“Since its 1937 inception, WSFR has provided more than $14 billion to support fish and wildlife restoration and management,” said Hannibal Bolton, the Service’s assistant director for the WSFR program. “The program and its partners, including the sporting arms industry, conservation groups, and sportsmen and sportswomen, are coming together for this anniversary to renew their commitment to conserve fish and wildlife and enhance hunter, angler, and boater recreation.”

These funds, administered by the Service, are combined with hunting license dollars in each state to fund important state wildlife conservation and hunting programs.

“The 75th anniversary of the WSFR program is a tremendous opportunity to celebrate the conservation victories that have been made possible because of this innovative funding approach,” said Jonathan Gassett, PhD, president, Association of Fish and Wildlife Agencies. “WSFR has made the difference for the survival and abundance of some species, and because of it, many fish and wildlife populations are at historically high levels today.”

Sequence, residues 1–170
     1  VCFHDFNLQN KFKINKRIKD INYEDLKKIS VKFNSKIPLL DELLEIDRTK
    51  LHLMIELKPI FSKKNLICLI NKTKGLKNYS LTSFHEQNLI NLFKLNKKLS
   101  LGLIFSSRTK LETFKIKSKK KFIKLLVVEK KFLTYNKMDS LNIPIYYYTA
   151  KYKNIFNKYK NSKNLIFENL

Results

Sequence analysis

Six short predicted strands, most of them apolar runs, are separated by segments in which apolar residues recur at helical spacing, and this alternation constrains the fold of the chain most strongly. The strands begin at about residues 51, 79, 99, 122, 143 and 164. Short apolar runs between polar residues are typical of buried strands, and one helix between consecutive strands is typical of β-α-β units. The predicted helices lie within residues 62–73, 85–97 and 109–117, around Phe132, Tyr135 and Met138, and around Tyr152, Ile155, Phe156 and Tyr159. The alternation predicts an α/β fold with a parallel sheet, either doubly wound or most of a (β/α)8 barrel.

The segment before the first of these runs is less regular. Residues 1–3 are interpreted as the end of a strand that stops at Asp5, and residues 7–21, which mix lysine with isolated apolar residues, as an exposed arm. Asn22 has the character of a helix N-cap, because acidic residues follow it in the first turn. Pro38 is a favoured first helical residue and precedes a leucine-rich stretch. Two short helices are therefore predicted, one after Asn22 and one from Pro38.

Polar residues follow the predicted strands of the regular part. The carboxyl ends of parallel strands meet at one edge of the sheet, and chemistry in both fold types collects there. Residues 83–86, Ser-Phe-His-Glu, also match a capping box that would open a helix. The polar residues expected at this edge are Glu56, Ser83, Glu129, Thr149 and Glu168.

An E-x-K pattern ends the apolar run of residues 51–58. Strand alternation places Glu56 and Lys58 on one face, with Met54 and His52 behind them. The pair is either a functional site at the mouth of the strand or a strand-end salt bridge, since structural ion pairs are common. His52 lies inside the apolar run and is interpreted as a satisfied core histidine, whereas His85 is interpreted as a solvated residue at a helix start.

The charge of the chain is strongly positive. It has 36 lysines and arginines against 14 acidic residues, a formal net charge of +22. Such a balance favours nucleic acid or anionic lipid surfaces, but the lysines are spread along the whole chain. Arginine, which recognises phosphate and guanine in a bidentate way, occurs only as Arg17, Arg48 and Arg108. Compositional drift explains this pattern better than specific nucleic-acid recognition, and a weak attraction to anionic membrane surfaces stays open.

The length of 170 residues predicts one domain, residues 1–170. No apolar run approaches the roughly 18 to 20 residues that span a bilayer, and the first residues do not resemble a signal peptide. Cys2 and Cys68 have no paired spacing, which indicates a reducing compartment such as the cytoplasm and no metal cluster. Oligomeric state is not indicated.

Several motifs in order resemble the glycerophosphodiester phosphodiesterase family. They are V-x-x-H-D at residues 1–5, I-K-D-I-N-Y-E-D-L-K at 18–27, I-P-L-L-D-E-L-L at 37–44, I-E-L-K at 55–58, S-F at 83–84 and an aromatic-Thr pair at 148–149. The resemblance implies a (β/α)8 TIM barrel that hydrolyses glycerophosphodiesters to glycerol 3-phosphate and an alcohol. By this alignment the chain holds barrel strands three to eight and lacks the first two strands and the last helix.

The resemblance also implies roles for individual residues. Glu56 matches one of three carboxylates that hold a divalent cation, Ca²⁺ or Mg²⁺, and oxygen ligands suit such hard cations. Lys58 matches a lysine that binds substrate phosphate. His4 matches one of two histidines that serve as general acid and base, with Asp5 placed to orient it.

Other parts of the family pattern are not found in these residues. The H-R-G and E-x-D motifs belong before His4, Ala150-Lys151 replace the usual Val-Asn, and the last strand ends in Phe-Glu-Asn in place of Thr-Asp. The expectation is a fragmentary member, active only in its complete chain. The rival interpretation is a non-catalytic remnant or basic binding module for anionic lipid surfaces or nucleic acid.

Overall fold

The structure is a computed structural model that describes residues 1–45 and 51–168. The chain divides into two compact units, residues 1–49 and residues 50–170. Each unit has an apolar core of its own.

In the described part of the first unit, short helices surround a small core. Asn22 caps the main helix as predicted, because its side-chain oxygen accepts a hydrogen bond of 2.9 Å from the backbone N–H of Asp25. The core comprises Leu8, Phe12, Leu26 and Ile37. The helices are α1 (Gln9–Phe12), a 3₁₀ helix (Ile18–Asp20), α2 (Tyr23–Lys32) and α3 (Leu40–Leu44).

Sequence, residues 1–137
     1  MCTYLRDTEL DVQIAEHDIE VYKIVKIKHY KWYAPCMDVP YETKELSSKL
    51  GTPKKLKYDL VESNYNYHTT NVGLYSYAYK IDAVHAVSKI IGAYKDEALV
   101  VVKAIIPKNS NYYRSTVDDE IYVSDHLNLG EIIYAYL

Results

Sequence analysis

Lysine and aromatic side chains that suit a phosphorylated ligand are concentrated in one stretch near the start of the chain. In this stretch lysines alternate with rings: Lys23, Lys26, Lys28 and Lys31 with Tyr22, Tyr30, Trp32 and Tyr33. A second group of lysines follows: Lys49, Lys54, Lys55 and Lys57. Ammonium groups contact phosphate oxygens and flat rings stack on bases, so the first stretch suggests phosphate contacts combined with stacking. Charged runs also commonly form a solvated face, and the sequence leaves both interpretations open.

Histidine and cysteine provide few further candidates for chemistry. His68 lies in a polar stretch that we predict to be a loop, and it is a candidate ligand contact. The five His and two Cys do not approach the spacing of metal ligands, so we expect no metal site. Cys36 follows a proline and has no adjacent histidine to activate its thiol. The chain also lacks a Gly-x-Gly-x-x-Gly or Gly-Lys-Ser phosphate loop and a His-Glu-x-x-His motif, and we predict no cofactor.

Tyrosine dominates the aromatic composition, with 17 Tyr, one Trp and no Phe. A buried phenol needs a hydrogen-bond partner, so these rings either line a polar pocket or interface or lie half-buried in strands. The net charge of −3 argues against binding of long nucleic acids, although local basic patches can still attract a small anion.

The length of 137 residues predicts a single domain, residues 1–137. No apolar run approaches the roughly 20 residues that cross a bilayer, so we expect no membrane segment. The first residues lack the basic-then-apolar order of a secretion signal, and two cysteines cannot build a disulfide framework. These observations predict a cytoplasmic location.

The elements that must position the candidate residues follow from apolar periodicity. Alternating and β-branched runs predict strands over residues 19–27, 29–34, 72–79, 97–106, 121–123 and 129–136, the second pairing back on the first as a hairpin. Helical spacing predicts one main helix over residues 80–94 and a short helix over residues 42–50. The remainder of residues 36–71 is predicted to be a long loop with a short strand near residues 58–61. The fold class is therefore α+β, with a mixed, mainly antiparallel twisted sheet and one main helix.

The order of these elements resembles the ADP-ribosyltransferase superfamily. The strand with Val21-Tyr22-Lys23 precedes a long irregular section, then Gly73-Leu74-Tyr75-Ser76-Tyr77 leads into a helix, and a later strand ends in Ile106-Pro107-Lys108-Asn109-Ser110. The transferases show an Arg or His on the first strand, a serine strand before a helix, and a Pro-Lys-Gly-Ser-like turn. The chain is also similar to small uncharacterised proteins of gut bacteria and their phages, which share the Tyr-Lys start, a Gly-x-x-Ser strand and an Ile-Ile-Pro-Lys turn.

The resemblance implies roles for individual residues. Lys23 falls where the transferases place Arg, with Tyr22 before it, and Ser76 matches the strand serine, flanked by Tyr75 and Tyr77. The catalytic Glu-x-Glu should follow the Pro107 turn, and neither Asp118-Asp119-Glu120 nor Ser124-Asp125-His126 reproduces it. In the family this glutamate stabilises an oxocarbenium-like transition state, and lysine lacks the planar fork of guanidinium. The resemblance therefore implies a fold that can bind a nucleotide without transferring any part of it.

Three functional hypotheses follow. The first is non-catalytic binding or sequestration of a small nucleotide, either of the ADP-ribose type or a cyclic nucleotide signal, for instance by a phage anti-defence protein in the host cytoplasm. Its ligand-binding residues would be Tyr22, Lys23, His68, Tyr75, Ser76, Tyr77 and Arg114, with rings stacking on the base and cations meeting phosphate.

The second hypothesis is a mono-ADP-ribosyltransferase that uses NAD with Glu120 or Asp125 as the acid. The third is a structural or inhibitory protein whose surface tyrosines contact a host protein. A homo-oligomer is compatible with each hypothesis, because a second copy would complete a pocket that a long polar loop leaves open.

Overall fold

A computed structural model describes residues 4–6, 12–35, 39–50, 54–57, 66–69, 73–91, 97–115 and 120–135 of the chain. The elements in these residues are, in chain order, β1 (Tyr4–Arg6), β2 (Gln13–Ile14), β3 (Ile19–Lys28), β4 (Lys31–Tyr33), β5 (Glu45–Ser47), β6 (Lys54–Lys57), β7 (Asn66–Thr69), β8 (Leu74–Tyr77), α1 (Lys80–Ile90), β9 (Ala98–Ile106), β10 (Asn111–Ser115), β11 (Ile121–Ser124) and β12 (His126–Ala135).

Industry and agency partnerships have helped to the successes of the WSFR program to become what it is today.

“The WSFR programs have not only supported fish and wildlife conservation, they have also supported small businesses that manufacture and sell hunting and fishing equipment,” said Myke Lynch, general manager of Green Top Sporting Goods in Richmond, Virginia. “The industry supporting sportsmen has a multi-million dollar impact on the nation’s economy, and it depends on healthy fish and wildlife populations.”

The WSFR 75th anniversary will include participation in various fish and wildlife conservation events and conferences throughout the year, to culminate with National Hunting and Fishing Day in September 2012.

For more information about the WSFR program and its 75th Anniversary in 2012, visit:

Facebook: http://www.facebook.com/WSFR75
Twitter: http://www.twitter.com/wsfr75